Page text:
ALBANY — Local law enforcement agencies have received reports of about 20 instances of identity theft tax fraud, where culprits use stolen Social Security numbers to file false returns — and possibly get refund checks.

Linn County Sheriff’s Office had 11 such reports as of Wednesday afternoon, including four on tax day itself, Sgt. Flint LeBard said.

He added that his agency was alerted to the new crime trend earlier in the month, after a deputy called the Internal Revenue Service about a case.

“Washington (state) was having big issues with it. They were really getting hammered,” LeBard said.

Lebanon Police Department had five such cases in April as of Wednesday afternoon, according to agency data.

Albany Police Department had received reports of three instances of tax fraud within the last week, Detective Sgt. Steve Dorn said.

According to the Lebanon Police Department, tax forms can be like a gold mine for thieves because they include Social Security numbers and, in some cases, financial account information.

Such personal information can be used by a crook to open up new lines of credit, access existing financial accounts or stock portfolios, get welfare, avoid a criminal history and more.

The agency encouraged residents to make sure all tax documents and paperwork are in a locked location at all times, and to put documents no longer needed through a cross-cut shredder.

Law enforcement also has seen increases in vehicle break-ins to steal documents which can be used to commit identity theft, according to the Lebanon Police Department.

Other suggestions were to make sure computers are protected by security programs, and to burn electronic tax filings to a CD or flash drive, keeping that in a secure storage location, rather than storing it on a hard drive.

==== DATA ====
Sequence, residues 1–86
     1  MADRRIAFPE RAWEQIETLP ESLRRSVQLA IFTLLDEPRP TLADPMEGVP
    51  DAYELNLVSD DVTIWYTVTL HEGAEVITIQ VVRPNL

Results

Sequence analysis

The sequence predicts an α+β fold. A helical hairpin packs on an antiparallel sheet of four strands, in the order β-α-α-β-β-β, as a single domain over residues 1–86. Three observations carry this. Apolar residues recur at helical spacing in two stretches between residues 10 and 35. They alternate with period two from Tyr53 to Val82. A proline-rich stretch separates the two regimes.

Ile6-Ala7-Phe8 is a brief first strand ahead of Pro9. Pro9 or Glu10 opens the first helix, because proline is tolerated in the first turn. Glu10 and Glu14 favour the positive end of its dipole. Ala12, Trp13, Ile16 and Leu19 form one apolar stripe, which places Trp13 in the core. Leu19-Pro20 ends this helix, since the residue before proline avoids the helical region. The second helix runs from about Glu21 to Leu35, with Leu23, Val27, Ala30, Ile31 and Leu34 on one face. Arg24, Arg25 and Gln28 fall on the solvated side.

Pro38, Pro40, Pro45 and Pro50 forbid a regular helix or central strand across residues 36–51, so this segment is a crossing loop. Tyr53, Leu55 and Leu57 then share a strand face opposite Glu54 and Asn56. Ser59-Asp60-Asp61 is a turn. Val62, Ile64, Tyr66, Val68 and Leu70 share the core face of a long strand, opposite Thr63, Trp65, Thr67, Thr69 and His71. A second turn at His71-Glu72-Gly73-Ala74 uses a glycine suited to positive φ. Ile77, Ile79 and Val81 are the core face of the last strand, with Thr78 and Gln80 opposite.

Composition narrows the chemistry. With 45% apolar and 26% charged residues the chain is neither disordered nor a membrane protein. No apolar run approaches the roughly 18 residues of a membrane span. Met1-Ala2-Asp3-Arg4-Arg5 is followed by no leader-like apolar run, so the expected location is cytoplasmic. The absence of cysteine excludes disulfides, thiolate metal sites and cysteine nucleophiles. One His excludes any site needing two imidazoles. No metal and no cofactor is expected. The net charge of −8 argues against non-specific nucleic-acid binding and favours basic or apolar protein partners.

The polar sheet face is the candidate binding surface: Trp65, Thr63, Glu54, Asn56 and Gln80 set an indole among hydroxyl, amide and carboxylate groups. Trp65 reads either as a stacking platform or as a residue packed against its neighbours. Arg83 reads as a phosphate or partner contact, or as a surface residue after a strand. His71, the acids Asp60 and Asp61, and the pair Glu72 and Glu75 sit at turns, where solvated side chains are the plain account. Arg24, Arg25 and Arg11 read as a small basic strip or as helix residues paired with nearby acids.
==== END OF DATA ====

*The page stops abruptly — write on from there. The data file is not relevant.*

Mailing tax documents at the post office, and making sure to retrieve mail every day at home, also can deter identity theft.

Police also cautioned people against conducting any financial business in supermarkets or other public concession booths where others might hear or see a transaction.

If you receive an e-mail asking for your Social Security number or financial information, delete it or send it to the Federal Trade Commission for investigation.

The IRS does not send e-mails about people being electronically audited or that you are getting a refund.

Those with suspicions about an e-mail from the IRS should call the IRS Taxpayers Advocates at 877-777-4778.

If you are the a victim of tax fraud, the IRS might send a notice indicating that more than one person is using a Social Security number, or that you owe taxes. If this happens, call the IRS Taxpayer Advocates or the Identity Theft Resource Center at 858-693-7935 for assistance.

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